That is a humbling website. You basically need $10,000,000 (without considering your home equity), or $11,100,000 (with home equity included) to barely crack the ability to be considered a One (1%) Percenter.
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Old 09-11-2021, 03:10 PM   #190
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IMHO $1M is not serious wealth while $5M is. I would guess most people's portfolios are between $1/2M and $5M.
Curious to know the definition of MOST?

Benefit of the doubt but I'll assume you meant most people posting on this retirement forum have portfolios between $1/2M and $5M. From reading people's posts on here it sure seems that way.

According to the Net Worth Percentile Calculator shared by Jollystomper above, a person with a Net Worth (without home equity since we are talking about their "portfolios") of $1/2M is in the 84% percentile (or top 16%), so sadly it appears most will never even see their portfolios reach that $1/2M threshold.
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Old 09-11-2021, 03:52 PM   #191
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I think the idea is about living the millionaire lifestyle. Serious wealth is not $40k a year. But $40k is enough to live on being frugal in flyover country.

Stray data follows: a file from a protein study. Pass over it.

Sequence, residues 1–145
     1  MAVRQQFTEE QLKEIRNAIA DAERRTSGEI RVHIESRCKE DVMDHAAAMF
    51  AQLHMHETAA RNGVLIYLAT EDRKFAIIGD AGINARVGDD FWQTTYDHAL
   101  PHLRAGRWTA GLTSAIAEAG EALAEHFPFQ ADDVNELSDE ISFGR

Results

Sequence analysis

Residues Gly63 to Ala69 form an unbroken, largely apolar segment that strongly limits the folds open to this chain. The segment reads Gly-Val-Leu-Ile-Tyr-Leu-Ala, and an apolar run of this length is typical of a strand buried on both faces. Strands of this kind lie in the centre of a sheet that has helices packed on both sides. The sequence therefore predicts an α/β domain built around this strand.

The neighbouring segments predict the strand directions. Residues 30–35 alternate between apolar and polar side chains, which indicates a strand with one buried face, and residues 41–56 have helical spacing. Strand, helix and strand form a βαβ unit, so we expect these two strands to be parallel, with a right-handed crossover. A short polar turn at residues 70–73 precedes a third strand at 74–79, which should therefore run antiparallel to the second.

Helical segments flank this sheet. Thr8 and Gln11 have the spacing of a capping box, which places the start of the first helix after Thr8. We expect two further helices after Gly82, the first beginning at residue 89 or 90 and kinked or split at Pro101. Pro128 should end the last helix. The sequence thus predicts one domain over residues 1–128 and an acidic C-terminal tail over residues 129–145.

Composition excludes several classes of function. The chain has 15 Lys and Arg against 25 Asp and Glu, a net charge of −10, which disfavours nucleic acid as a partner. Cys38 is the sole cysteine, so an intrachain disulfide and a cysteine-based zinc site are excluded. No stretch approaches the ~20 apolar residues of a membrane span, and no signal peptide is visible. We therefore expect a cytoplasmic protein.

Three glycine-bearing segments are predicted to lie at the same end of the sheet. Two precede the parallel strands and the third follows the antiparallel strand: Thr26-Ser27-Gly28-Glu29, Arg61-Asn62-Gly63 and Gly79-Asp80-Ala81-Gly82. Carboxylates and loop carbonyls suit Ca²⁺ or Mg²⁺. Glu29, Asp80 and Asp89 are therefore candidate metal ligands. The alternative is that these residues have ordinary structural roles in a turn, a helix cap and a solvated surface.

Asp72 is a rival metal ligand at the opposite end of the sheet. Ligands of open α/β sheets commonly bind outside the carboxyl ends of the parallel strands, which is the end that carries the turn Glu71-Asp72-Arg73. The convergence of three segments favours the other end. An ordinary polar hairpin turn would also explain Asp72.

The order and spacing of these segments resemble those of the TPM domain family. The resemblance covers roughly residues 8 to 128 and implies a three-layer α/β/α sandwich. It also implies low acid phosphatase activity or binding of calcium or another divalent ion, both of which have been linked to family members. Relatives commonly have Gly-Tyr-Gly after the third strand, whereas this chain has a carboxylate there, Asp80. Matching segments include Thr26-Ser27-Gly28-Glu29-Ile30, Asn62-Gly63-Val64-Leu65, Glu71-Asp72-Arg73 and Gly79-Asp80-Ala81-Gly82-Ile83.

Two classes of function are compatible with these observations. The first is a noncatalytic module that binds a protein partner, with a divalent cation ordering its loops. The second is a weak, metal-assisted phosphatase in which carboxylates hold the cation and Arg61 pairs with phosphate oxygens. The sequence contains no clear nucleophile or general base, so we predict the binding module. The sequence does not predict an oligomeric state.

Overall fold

A serious money millionaire lifestyle in 2021 is first-class travel, A ski condo at Park City or maybe Breckenridge, A Tesla or maybe a Porsche, golf membership, maybe a boat, and a million dollar residence. $10k bicycle lol

It's about affording luxury without touching your huge army of dollars that delivers high income to live a serious money lifestyle.

No happiness guaranteed! With stuff you don't really need.

Obviously the millionaire next door used delayed gratification and great income to achieve serious wealth and doesn't want or need the lifestyle mentioned above.

This multi-millionaire might live in Littleton Colorado or Salt Lake City Utah and you would never know they have millions of dollars of net worth.
But a luxury life is expensive and connecting the dots is not hard.